MAS­SIVE EX­PLO­SION ROCKS BEIRUT

Ex­plo­sion leaves cap­i­tal a ‘de­stroyed city’

Windsor Star - - NEWS - DANA KHRAICHE

Dozens dead, thou­sands in­jured in dev­as­tat­ing blast

A mas­sive ex­plo­sion at Le­banon’s main port rocked Beirut, over­whelm­ing hos­pi­tals deal­ing with the in­jured and dy­ing. The blast was so large it blew out win­dows across the cap­i­tal and was even heard from Cyprus.

Au­thor­i­ties say it was caused by highly ex­plo­sive ma­te­ri­als at the port, but didn’t say whether it was an ac­ci­dent or an at­tack. The ca­su­alty toll con­tin­ued to climb through the night on Tues­day, with the health min­is­ter say­ing around 11 p.m. that 67 peo­ple were killed and some 3,600 in­jured.

Video footage showed what ap­peared to be a fire, fol­lowed by crack­ling lights and then a much larger ex­plo­sion as an enor­mous cloud of smoke rapidly en­gulfed the area around the Port of Beirut. Build­ings in the area and kilo­me­tres away were se­verely dam­aged, in­clud­ing the elec­tric­ity com­pany and other gov­ern­ment en­ti­ties.

The af­ter­math of the ex­plo­sion left peo­ple rush­ing for help on foot and mo­tor­bikes, some with blood stream­ing over their faces, out­side a Beirut hos­pi­tal. One hos­pi­tal said it had taken in 400 peo­ple and oth­ers ap­pealed for blood do­na­tions, say­ing they’d reached their ca­pac­ity.

“Beirut has never seen any­thing like this be­fore,” Beirut Gov­er­nor Mar­wan Ab­boud told re­porters near the scene, com­par­ing it to the af­ter­math of a nu­clear bomb. “It is a de­stroyed city, peo­ple ly­ing on the streets, dam­age ev­ery­where.”

Prime Min­is­ter Has­san Diab de­scribed the blast as a “ma­jor na­tional dis­as­ter” and vowed to hold those re­spon­si­ble ac­count­able. He said the de­pot where the blast hap­pened had been there since 2014.

“Pre­lim­i­nary in­for­ma­tion in­di­cates that there was highly ex­plo­sive ma­te­rial that was con­fis­cated a while back and stored,” In­te­rior Min­is­ter Mahd­moud Fehme told a tele­vi­sion sta­tion.

The ex­plo­sion took place dur­ing the first of a two­day grace pe­riod that the gov­ern­ment had given cit­i­zens be­fore it re­in­forces a full lock­down with a cur­few to con­tain the coro­n­avirus epi­demic af­ter the coun­try saw a ma­jor spike in cases in re­cent weeks.

Traf­fic was heavy through­out the day as peo­ple flooded the cap­i­tal and other ar­eas. Myr­iam Sawma, 31, was among the many who left their homes to buy es­sen­tials be­fore the lock­down re­sumed.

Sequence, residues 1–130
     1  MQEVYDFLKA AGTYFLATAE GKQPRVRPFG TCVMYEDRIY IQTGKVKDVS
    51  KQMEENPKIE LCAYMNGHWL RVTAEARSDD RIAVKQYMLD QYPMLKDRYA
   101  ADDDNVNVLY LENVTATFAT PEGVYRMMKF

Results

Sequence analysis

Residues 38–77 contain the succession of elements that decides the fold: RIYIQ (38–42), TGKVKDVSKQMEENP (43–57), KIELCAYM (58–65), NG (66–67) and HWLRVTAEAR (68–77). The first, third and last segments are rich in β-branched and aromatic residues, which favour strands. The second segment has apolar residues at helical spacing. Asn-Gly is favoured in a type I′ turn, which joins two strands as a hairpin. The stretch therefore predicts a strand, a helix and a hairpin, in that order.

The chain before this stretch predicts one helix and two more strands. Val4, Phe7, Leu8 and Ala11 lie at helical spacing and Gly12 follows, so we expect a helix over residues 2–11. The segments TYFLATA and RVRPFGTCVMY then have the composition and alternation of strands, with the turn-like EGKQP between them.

“I was at the mall and we heard the first blast and then an­other and com­plete white smoke cov­ered the area.

Peo­ple were scream­ing and run­ning ev­ery­where,” said Sawma.

Beirut and its sub­urbs are home to many em­bassies, non-gov­ern­men­tal or­ga­ni­za­tions and most gov­ern­ment en­ti­ties and agen­cies as well as min­istries and head­quar­ters of po­lit­i­cal par­ties. The gen­eral sec­re­tary of the Kataeb Party, Nizar Na­jar­ian, was killed in the ex­plo­sion. He was chair­ing a meet­ing for the party at its head­quar­ters, near the site of the blast.

De­bris has cov­ered the en­tire port, dam­ag­ing trucks and other ship­ping con­tain­ers. Black smoke could still be seen bil­low­ing into the sky hours af­ter the blast. The port re­ceives han­dles 6 mil­lion tons of ship­ments a year and is the coun­try’s main port.

Le­banon is reel­ing un­der its worst fi­nan­cial and eco­nomic cri­sis, with a sharp plunge in its lo­cal cur­rency erod­ing pur­chas­ing power and throw­ing many into poverty and un­em­ploy­ment. The gov­ern­ment is in talks with the In­ter­na­tional Mon­e­tary Fund for a $10 bil­lion bailout and has tried to col­lect aid from Gulf coun­tries, but to no avail.

Gulf coun­tries are wary that any funds would be chan­nelled to Hezbol­lah, the

Iran-backed mil­i­tant group that’s listed by those coun­tries and the United States as a ter­ror­ist group. The for­eign min­is­ter re­signed ear­lier this week, say­ing Le­banon could be­come a failed state.

A short­age of U.S. dol­lars has wreaked havoc on an econ­omy al­most com­pletely re­liant on im­ported goods. The cen­tral bank is us­ing what­ever is left of its re­serves to sub­si­dize the im­port of wheat, fuel and medicine and has re­cently said it would help im­port es­sen­tial food items, al­beit at a weaker ex­change rate.

Apart from the fi­nan­cial cri­sis, Le­banon was also brac­ing for a ver­dict from a United Na­tions-backed court on Fri­day in the case of the 2005 as­sas­si­na­tion of for­mer prime min­is­ter Rafik Hariri. The Special Tri­bunal for Le­banon has ac­cused four mem­bers of Hezbol­lah of hav­ing a role in the killing, which was a turn­ing point in the coun­try’s mod­ern his­tory.

Hezbol­lah has de­nied the al­le­ga­tions and said it would not hand over the sus­pects, de­scrib­ing the court as an Is­raeli tool aimed at sow­ing strife. Le­banon and Is­rael are tech­ni­cally still in a state of war.

Is­rael and Hezbol­lah said they had noth­ing to do with the ex­plo­sion.

PEO­PLE WERE SCREAM­ING AND RUN­NING EV­ERY­WHERE.

STR / AFP VIA GETTY IMAGES

A he­li­copter as­sists in fire­fight­ing ef­forts at the scene of Tues­day’s deadly blast in the Le­banese cap­i­tal of Beirut. Prime Min­is­ter Has­san Diab said on Tues­day that those re­spon­si­ble for the ex­plo­sion will be held ac­count­able.

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